The city of Montreal is apparently going to hold public consultations after all on a pilot project to ban through traffic on Mount Royal.

On Monday opposition leader Lionel Perez tabled a motion in his borough of CDN-NDG calling for a public consultation to be held by the city's Montreal Public Advisory Office (OPCM), and that motion was unanimously approved by all borough councillors, including the borough's mayor, Projet Montreal's Sue Montgomery.

Perez said that Montgomery has told him that Mayor Valerie Plante will confirm the public consultation process later this week. He called the decision to hold public consultations a ‘victory for democracy.’

"It's a huge victory for Montrealers and local democracy because they're going to be able to share the point of view on the fact that's there's going to be a public consultation prior to any pilot project," said Perez.

However Plante said the consultations will not stop the pilot project from going ahead.

"Nhe consultation will accompany the pilot, so it will start before, continue during, and after," said Plante. "We're moving forward with the pilot. The consultation that will be held beforehand will not be deciding whether or not there is a pilot [project]. There will be a pilot [project]. "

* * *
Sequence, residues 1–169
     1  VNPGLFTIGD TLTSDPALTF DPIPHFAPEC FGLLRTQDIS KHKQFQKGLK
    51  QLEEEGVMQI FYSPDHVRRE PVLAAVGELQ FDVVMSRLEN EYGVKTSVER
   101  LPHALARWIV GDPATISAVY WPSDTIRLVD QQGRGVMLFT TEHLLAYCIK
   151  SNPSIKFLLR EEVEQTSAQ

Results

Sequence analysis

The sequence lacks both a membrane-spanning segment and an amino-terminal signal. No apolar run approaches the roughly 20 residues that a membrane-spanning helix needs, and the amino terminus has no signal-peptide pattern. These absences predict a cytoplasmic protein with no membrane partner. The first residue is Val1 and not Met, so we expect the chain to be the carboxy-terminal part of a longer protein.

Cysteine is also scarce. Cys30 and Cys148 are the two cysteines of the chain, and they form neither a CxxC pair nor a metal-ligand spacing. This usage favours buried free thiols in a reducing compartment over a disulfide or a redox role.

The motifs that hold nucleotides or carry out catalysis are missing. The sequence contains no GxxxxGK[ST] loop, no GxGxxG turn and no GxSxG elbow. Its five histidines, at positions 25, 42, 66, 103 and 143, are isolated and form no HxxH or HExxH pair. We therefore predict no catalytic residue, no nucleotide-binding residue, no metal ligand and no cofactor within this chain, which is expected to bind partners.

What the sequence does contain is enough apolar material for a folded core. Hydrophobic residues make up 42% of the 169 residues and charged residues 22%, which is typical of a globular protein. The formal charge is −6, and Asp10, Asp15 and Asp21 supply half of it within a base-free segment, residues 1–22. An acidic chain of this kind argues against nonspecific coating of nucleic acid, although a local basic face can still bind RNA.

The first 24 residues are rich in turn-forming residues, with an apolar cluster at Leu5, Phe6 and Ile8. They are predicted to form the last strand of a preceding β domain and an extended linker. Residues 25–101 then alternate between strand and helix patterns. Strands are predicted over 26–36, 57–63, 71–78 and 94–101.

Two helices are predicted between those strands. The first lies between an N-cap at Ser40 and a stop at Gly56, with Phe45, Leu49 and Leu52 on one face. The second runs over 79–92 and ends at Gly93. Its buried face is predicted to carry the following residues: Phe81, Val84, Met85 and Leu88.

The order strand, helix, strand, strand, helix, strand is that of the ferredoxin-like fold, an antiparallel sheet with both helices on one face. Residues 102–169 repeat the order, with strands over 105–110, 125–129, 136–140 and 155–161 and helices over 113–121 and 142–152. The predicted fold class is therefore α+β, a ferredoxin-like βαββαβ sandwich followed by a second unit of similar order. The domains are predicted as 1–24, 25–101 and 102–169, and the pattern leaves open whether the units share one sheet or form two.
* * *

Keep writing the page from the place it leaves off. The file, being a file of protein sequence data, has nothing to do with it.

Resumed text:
Perez said the city should get informed before any decisions are made.

"We have to hear about all the issues, we have to know the questions, we need to hear all the point of views to find a pilot project that makes sense," said Perez.

The plan to block Camillien Houde Way and so allow drivers to get to the park at the top of the mountain but not to drive over the mountain to the other side was announced by Luc Ferrandez, the politician in charge of parks, in February.

It created a storm of opposition from citizens upset by the move, with more than 25,000 people signing an online petition calling for the city to reconsider the plan.

Plante and Ferrandez said the move was, in part, due to the death of Clement Ouimet, a cyclist who was killed by a driver making an illegal left-hand turn while leaving the lookout parking lot last year. They also said the through-traffic ban would allow more people to enjoy the park and would protect cyclists from similar incidents.

Many opponents said the measure would instead lead to an increase in car traffic, and would do little to prevent the type of crash that killed Ouimet.